Tag Archives: Antigua Conference

Annual Antigua Conference has Barbuda Focus (Full Schedule)

For more of what’s on in Antigua and Barbuda, check our round up.

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A & B Arts Round up – July 25th 2019 —>

December 14th 2019 – also Wesley.jpg

August 21st 2019 – @ the Best of Books bookstore – email bestofbooks@yahoo.com for more information at best of books.png

August 17th 2019 – 59775614_329036067810776_4410562896208068608_n

August 17th – 18th 2019 – Pineapple Mango Festival – quick search didn’t turn up any specific details but I believe it’s being held at the Pineapple farm at Cades Bay. Will update if more or corrective information comes to hand.

August 15th – 16th 2019 – The 14th Annual Conference and Distinguished Lecture – After the Ecological and Political Storms: Whither Barbuda’s Development? – contact paget_henry@brown.edu or janetlofgren@gmail.com

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July 31st 2019 – 64851874_353543768693339_5104058999066591232_n

July to August 2019 – Carnival

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July 31st 2019 (registration deadline) – workshop promo 6.jpgAugust 12th – 16th 2019 (writing camp) – Here’s the registration form: JSYWP Registration Form 2019 – this is a paid workshop but with sponsorship will offer scholarship – contact Joanne C. Hillhouse at jhohadli at gmail dot com if you need more information or wish to sponsor.

July 31st 2019 – 66859748_2308909032549787_108969668261183488_n

In progress to August 30th 2019 – 66784053_3438730469486327_1069002722725855232_n

As with all content on Wadadli Pen, unless otherwise indicated, this is written by author and Wadadli Pen founder and coordinator Joanne C. Hillhouse. All rights reserved.

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Joanne Hillhouse’s Iconic Stance through Her Works By Valerie Knowles Combie

I don’t appear to have shared this here; so I’m sharing. It’s a paper on my books delivered at the 2017 Antigua Conference and published in the 2018 Antigua and Barbuda Review of Books by Professor Valerie Combie of the University of the Virgin Islands. With thanks to her for the attention to my works (not just my books but some of my poetry and short fiction as well), here are some excerpts. Go to my jhohadli blog to read the whole thing.

joanne at mount tabor“Who is Joanne Hillhouse?  How does she fit into Antigua’s literary scene?  Perhaps I should rephrase that question and ask: How does she fit into the Caribbean literary scene?  I may even expand that question and ask: How does Joanne Hillhouse fit into the world’s literary landscape?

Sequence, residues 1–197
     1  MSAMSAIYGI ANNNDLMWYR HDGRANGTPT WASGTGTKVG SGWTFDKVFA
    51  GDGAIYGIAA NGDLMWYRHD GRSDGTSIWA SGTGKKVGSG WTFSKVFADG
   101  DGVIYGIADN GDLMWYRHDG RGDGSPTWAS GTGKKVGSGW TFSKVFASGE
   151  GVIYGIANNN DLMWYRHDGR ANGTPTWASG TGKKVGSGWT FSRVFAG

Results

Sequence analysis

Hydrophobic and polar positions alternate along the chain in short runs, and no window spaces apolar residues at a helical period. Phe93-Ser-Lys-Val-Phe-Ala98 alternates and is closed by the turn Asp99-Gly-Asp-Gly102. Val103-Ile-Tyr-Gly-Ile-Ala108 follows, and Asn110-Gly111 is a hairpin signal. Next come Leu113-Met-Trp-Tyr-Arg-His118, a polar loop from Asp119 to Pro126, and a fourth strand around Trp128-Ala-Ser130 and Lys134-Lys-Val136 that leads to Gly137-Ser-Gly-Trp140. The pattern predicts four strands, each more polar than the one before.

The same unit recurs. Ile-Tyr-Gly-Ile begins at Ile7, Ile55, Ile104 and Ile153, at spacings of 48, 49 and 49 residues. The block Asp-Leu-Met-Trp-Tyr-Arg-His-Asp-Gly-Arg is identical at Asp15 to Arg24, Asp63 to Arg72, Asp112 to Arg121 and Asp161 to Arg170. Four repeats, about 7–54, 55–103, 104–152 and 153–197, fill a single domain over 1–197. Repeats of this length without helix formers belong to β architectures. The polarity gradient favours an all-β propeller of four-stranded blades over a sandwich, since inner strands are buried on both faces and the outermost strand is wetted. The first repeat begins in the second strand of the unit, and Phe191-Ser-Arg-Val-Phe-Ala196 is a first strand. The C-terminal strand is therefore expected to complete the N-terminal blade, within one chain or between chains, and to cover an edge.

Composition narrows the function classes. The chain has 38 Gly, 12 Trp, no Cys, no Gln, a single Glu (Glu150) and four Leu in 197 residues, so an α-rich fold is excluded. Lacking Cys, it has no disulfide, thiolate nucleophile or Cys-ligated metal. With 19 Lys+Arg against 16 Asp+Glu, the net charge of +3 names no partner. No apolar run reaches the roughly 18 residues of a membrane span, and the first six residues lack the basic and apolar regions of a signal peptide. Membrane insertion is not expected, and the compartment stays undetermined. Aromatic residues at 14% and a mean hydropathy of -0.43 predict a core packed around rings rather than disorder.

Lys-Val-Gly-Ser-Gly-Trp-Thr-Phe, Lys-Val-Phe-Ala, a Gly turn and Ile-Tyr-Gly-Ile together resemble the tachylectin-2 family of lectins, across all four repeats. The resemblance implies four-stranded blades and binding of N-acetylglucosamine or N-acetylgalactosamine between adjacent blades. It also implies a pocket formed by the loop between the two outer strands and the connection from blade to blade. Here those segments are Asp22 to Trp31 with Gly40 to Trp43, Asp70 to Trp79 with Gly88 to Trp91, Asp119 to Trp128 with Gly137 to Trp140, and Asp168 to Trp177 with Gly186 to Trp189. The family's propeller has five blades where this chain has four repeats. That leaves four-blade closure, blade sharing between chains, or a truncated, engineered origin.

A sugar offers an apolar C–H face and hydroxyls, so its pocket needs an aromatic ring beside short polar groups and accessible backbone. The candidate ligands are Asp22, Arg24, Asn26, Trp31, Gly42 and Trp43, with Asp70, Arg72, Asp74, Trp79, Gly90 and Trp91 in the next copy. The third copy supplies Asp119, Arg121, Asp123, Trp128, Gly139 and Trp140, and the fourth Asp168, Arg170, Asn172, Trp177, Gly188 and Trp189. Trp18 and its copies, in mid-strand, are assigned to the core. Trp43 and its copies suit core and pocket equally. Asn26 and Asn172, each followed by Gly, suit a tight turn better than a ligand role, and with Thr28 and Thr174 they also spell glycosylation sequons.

Hillhouse’s inherent and perpetual theme embodies the landscape of Antigua and Barbuda, which includes movement of many sorts—actual literal movement, existential movement, and the resulting consequences of those movements. Under the umbrella of those movements lie the following themes that expand and grow and manifest themselves as the tentacles of the proverbial octopus:

1. Culture and tradition
2. Family relationships and identity
3. Rite of passage
4. Youth empowerment
5. Migration
6. Community involvement/Trust
7. Environmental concerns
8. Loss and grief/Healing and restoration.

Hillhouse’s pen documents the cultural tapestries of a society that is evolving and simultaneously experiencing the concomitant issues relating to change that are associated with evolution.  But can change accommodate the old as well as the new?  Must change include the annihilation of tried and true traditions, practices that have stood the test of time and have reaped rich dividends for our community?  I think Hillhouse’s message resounds in the depth of our consciousness:  Know yourself; be content with your circumstances, and hold on to your tradition, your history, and your culture while being open to those of others.  We can only enrich our lives as we add to them.  Changing them completely can be disastrous.  We are traveling a path that manifests the results of our practices, which may reap unfavorable results where our children/descendants may be devoid of their history, their cultural trappings on which they can rely, and lose all sense of self-worth.  Our children need a firm foundation, which only we can give.  Hillhouse’s message is a clarion call for introspection and a determined effort to value our traditions and ourselves.  In her poem, “An Ode to the Pan Man,” Hillhouse lauds the commitment of the pan man to the music that only he knows  can “mek man cry, man” (TCW 17).”

As with all content on wadadlipen.wordpress.com, except otherwise noted, this is written by Joanne C. Hillhouse (author of The Boy from Willow Bend, Dancing Nude in the Moonlight, Oh Gad!, Lost! A Caribbean Sea Adventure, Musical Youth and With Grace). All Rights Reserved. If you enjoyed it, check out my page on Amazon, WordPress, and/or Facebook, and help spread the word about Wadadli Pen and my books. You can also subscribe to the site to keep up with future updates. Thanks.

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Filed under A & B Lit News Plus, A & B WRITINGS, Links We Love, Literary Gallery